## Parallel Scaling

Nanoelectronic Modeling may require significant computational resources. Benchmarking of two differenc codes is described here:

NEMO 1-D computes current flow in 1-D heterostructures where typically a double integral over momentum and energy is solved for many different bais points. The theory is based on the non-equilibriu Green function formalism. NEMO 1-D has been demonstrated to scale up to 23,000 processors in July of 2007 on ORNL's Cray XT3/4. Scaling experiments on various other TOP500 machines have also been performed.

NEMO 3-D computes electrnic structure in multi-million atom systems. The basic operation is the solution of an interior eigenvalue problem and requires a large number of sparse-matrix vector multiplies. NEMO 3-D has been demonstrated to scale to 8,192 cores in July of 2007 on various TOP500 machines. Details of the various scalings on these machines are available.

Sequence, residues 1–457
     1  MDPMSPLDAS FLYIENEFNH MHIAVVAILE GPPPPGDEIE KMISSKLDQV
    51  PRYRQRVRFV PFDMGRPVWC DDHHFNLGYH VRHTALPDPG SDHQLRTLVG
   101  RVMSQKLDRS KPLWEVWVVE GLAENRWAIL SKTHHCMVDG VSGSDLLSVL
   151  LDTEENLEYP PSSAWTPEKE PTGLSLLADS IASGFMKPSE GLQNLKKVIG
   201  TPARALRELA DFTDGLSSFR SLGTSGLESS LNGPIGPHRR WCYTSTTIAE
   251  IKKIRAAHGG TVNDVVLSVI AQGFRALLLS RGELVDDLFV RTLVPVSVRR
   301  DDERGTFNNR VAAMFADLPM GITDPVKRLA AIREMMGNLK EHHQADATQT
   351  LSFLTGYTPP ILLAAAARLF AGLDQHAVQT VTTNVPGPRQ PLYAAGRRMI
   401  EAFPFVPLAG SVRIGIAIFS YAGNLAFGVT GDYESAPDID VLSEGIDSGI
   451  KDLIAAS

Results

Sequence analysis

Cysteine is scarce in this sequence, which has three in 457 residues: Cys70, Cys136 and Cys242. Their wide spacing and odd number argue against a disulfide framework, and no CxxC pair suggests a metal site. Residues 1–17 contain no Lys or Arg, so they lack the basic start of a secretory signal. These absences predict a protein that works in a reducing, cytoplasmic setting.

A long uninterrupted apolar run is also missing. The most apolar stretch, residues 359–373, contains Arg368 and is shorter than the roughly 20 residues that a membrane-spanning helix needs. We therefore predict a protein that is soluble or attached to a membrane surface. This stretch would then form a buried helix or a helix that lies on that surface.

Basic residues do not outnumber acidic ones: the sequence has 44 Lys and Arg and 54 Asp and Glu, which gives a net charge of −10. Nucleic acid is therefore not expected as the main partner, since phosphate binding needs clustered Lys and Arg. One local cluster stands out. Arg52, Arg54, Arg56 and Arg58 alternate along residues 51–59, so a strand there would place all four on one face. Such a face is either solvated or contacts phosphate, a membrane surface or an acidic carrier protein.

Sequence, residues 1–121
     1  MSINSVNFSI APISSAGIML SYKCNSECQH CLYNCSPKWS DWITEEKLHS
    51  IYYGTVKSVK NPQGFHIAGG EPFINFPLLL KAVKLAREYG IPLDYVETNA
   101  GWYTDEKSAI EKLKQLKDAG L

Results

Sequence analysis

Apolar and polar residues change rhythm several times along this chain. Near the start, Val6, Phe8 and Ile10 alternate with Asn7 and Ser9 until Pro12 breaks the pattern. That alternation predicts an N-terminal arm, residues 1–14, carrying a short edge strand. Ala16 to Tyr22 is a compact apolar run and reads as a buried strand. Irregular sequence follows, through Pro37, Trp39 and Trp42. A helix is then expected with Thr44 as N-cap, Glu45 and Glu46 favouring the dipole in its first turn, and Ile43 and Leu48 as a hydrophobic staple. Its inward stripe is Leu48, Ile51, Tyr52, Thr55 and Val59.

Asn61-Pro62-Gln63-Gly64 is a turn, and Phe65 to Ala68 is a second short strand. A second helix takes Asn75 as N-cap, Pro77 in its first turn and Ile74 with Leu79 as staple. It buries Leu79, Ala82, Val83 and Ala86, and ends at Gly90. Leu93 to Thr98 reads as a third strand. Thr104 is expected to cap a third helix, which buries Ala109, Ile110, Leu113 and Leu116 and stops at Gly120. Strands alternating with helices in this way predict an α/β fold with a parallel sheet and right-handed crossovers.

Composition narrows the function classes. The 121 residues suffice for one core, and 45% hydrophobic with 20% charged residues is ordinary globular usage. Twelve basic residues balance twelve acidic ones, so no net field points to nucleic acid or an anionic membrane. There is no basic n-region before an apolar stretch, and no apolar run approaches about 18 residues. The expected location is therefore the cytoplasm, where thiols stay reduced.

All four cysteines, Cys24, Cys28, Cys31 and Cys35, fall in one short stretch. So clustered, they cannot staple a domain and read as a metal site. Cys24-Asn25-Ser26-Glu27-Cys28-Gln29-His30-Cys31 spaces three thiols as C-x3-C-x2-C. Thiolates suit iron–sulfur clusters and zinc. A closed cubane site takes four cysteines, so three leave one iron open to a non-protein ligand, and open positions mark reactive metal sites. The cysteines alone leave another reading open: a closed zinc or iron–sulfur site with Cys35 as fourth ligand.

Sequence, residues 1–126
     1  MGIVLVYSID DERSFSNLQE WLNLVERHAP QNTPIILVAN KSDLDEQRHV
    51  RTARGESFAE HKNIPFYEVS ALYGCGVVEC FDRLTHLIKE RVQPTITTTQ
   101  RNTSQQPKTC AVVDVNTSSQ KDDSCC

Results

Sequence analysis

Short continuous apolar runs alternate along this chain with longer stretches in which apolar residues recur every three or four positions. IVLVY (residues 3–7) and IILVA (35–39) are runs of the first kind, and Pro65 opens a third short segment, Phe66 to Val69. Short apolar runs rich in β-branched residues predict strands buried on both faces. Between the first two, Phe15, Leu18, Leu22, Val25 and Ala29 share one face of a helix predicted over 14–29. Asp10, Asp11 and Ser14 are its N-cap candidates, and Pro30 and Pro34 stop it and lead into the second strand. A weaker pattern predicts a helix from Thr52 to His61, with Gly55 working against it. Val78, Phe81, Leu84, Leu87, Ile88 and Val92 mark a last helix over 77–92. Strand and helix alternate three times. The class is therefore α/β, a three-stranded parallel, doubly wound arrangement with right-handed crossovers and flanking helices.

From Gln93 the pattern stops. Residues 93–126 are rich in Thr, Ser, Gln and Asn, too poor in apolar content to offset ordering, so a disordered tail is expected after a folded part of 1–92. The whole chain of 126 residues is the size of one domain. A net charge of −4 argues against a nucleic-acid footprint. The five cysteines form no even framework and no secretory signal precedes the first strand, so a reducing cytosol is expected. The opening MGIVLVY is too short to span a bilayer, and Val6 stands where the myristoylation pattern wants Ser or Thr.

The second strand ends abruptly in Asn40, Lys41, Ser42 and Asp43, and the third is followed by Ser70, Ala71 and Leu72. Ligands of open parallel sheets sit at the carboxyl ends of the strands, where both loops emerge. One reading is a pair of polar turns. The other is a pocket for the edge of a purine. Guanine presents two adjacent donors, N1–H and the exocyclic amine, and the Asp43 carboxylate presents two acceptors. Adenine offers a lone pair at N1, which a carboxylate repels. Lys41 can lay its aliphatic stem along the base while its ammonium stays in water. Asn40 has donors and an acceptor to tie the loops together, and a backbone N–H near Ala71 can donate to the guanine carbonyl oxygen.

Parallelization work of NEMO 1-D began 1998 at the Jet Propulsion laboratory with compiler based parallelization and continued with tri-level MPI-based parallelization [40].

NEMO 3-D was immediately designed as a parallel code.

Several other benchmarks stemming from the early JPL work are also available.

- Compiler-based parallelization and benchmarking of the original NEMO-1D code.
- MPI-based parallelization of the original NEMO-1D code in loops corresponding to bias points, and integrations of the transverse momentum and energy.
- MPI-based parallelization of the NEMO-3D code:
- Benchmarks on a 32 CPU Beowulf cluster (Pentium III, 450 MHz)
- Benchmarks comparing a 32 CPU Beowulf (450MHz) to a 20 node dual CPU Beowulf (800MHz).
- Benchmarks on an SGI Origin 2000 compared to our Beowulf
- MPI-based parallel genetic algorithm package usage and code developmend (GENES).